US Senate: Cardinal McCarrick defends religious freedom of Muslims, Catholics
March 30, 2011
Testifying before a senate judiciary subcommittee hearing on “Protecting the Civil Rights of American Muslims,” Cardinal Theodore McCarrick defended the religious freedom of Muslims and Catholics.
Speaking on behalf of the United States Conference of Catholic Bishops, the retired archbishop of Washington said that “a justified concern for security and the appropriate pursuit of those who pervert religion to attack others cannot be allowed to turn into a new form of religious discrimination and intolerance. This is why we stand with our Muslim brothers and sisters in defense of their dignity and rights, just as we welcome and expect their reciprocity and solidarity with us when the rights of Christians and other religious groups are violated around the world.”
Referring to specific incidents of the persecution of Christians at the hands of “Muslim extremists,” Cardinal McCarrick said that
we face a real threat to our national security from terrorism that has its origins in a particular form of extremist ideology that holds itself out as authentic Islam … The legitimate concern for the public order, however, must be pursued with effective skill and respect for religious liberty and with particular concern to avoid generalizing about Islam based solely on the extreme views and conduct of a small group of radical extremists. These unfounded generalizations and efforts to fan the flames of fear are wrong and unjustified, but are especially inappropriate and hurtful when expressed by leaders in public life. These attacks are a grave injustice against the vast majority of Muslims in the United States who are loyal and productive members of our American society.
Cardinal McCarrick also lamented violations of the religious freedom of Catholics, violations that he said stem “from a radical secular perspective that insists that no moral principle or religious belief should ever challenge individual decisions to do or choose whatever one wants or prefers.” The cardinal added:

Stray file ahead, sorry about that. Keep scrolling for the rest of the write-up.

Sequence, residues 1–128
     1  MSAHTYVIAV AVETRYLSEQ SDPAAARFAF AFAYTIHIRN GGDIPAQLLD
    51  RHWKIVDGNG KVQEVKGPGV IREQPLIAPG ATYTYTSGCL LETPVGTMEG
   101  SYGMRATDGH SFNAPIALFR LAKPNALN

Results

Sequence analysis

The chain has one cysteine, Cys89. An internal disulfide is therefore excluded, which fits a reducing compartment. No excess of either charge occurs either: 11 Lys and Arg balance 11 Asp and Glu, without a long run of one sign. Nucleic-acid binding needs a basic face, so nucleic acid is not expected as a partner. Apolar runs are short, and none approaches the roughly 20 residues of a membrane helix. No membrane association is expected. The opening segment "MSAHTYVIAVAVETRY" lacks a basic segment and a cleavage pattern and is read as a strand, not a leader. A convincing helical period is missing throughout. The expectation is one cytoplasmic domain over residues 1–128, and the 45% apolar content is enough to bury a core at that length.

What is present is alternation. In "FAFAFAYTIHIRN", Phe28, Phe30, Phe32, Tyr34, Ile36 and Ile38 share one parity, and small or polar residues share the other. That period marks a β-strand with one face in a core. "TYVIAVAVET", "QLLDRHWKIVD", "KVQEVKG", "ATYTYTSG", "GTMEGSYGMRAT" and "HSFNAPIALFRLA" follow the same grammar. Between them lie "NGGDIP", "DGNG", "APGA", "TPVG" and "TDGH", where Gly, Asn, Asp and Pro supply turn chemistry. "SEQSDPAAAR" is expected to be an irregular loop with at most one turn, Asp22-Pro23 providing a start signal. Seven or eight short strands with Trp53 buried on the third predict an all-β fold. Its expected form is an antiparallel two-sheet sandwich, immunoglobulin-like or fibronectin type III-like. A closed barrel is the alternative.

Acts of bias and discrimination towards Catholics and our beliefs are often expressed very publicly. For example, we are charged with discrimination or called “bigots” when we advocate for the traditional understanding of marriage between one man and one woman, which many religious and non religious traditions have supported throughout human history. We advocate for an authentic vision of marriage not to offend or to treat people unjustly, but to offer a positive and healthy model of the human family, which has served as the foundation of society throughout the ages.
The identity and integrity of our Catholic social institutions-- or indeed those of other religious traditions-- are also being threatened. For example, when the state narrowly defines in legislation which religious institutions are “religious enough” to enjoy religious freedom protections, or when the state imposes restrictions on how religious institutions and individuals are able to serve those in need, the ability to exercise religious freedom in an effective and authentic manner is greatly undermined.
When the very right of conscience is attacked, the ability to exercise religious beliefs is subverted. There are well known contemporary examples where the state would force religious groups and individuals to choose between following their religious beliefs and practices and following the dictates of law.